Stack Overflow is a community of 4.7 million programmers, just like you, helping each other.

Join them; it only takes a minute:

Sign up
Join the Stack Overflow community to:
  1. Ask programming questions
  2. Answer and help your peers
  3. Get recognized for your expertise

I just dont get it.. this happens here and there but I cant find a ryme or reason. Ive searched SO for awhile with no luck.. maybe you guys can tell me what Im doing wrong?

I am setting a BOOL in ViewController_A from ViewController_B. Stepping through the code I see the BOOL change to YES, but when I am sent back to VC_A it is back to NO

Update: this is all on the Main Thread.

Here is my code.


BOOL shouldLogin;

@property(nonatomic,assign)BOOL shouldLogin;


@synthesize shouldLogin;

//in viewWillAppear of ViewController_A
if (shouldLogin == YES) {
//do something - im trying to get in here but I cant because the BOOL is NO when I come back to this view


Here is how I set the BOOL in ViewController_B

    ViewController_A * vc = [[ViewController_A alloc]init];
    vc.shouldLogin = YES; 
   //stepping through the code and looking at the value, shouldLogin shows YES 
    [self dismissModalViewControllerAnimated:YES]; // this drops down VC_B which will show VC_A

//now VC_A just came into view and the BOOL is now NO which makes the compiler skip over my IF statement

UPDATED: removed the release call that I had, but still same issue.

share|improve this question
Um..what? Am I missing something? You alloc vc, then set shouldLogin to YES, then immediately deallocate it by sending a release message... – borrrden May 25 '12 at 2:00
Sorry, I should mention that I tried both with that release and without. I left it in there while posting this Question, but it doesnt make a difference.. it still wont work. – Louie May 25 '12 at 2:06
It wont work with or without the release because the ViewController_A that you creating in ViewController_B is not the same ViewController_A that is already instantiated. – mttrb May 25 '12 at 2:08
up vote 1 down vote accepted

It looks like your code in ViewController_B is creating a completely new ViewController_A, setting the shouldLogin flag and then immediately destroying that instantiation of ViewController_A. I doubt this is what you intend to do.

I assume you want to set the shouldLogin flag on a previously instantiated ViewController_A. You will need to pass a pointer to ViewController_A to your ViewController_B and then use this pointer to set the flag in ViewController_B. You could do this with a custom init method on ViewController_B that takes a pointer to ViewController_A and stores it for use by ViewController_B.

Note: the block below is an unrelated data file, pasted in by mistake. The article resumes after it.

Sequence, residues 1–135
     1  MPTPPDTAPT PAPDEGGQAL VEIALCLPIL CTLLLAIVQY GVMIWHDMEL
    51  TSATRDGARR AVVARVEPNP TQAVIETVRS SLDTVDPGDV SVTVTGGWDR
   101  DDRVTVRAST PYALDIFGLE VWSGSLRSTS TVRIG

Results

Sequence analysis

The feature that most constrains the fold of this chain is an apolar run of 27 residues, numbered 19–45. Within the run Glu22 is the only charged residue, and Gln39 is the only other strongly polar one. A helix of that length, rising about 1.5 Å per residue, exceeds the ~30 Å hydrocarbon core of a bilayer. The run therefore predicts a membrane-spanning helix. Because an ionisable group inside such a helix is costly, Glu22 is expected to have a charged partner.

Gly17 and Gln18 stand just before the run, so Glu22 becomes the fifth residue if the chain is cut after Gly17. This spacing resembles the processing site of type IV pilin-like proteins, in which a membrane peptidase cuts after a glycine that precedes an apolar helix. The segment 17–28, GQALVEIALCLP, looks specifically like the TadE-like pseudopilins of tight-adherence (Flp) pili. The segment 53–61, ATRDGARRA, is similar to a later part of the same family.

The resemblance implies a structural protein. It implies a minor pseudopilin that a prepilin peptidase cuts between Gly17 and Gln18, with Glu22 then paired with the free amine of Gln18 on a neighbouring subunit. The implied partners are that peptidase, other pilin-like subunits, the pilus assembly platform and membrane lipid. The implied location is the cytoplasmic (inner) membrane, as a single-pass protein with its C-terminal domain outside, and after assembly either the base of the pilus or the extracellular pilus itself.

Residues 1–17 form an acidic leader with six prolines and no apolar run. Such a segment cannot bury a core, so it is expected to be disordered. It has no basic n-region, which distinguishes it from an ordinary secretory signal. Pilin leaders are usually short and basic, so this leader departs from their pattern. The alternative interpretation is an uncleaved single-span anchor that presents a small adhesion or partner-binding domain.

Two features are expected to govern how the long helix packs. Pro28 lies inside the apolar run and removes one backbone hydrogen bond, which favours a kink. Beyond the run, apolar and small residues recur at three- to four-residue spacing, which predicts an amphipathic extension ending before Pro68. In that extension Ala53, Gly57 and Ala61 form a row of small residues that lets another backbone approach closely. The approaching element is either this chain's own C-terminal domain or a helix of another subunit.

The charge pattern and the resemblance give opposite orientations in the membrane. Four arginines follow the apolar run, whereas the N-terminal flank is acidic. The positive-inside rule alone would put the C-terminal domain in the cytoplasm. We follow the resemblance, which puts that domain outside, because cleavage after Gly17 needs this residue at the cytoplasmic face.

Alternatively, you could just create a property on ViewController_B that can store a pointer to ViewController_A and get ViewController_A to set this property after the ViewController_B has been created. Something like:

@interface ViewController_B : UIViewController

@property (nonatomic,retain) ViewController_A *originalViewController;


@implementation ViewController_B

@synthesize originalViewController;

- (void)someMethod {
    originalViewController.shouldLogin = YES; 
    [self dismissModalViewControllerAnimated:YES];


@implementation ViewController_A 

-(void)someOtherMethod {
     ViewController_B *vcB = [[ViewControllerB alloc] init];
     vcB.originalViewController = self;

     // do something with vcB


Forgive any typos/errors, I haven't actually tried to run this.

share|improve this answer
thank you all for helping me understand this - Ive ran into it here and there and just end up adding BOOLs to the AppDelegate. Glad I took the time to understand whats happening there. Thanks for explaining it! – Louie May 25 '12 at 2:14

I assume your view controller A existed before you pushed view controller B. In that case you need to reference back to the original view controller, not just create a new one. You are not touching the original view controller anywhere in this code so it makes perfect sense that it doesn't change.

share|improve this answer

ViewController_A is a class, not an object. shouldLogin can only be accessed by an object of class ViewController_A.

The object (or instance) of ViewController_A that you had shown previously is NOT the same as the instance in your ViewController_B code. The code that you display creates a brand new ViewController_A object, sets the boolean to YES on that object, and then immediately destroys that object. It never changed anything inside the ViewController_A instance you had before you presented your ViewController_B instance, so when you return to display the original ViewController_A, it's exactly as it was--complete with shouldLogin set to NO.

Since shouldLogin seems like a variable multiple view controllers will need access to, I would set it up in another class entirely (that both view controllers can access). For variables such as these, I tend to make a Singleton class and share access to that object around the areas it's needed. There are other ways to do this, of course, but I find that the simplest.

share|improve this answer

Your Answer


By posting your answer, you agree to the privacy policy and terms of service.

Not the answer you're looking for? Browse other questions tagged or ask your own question.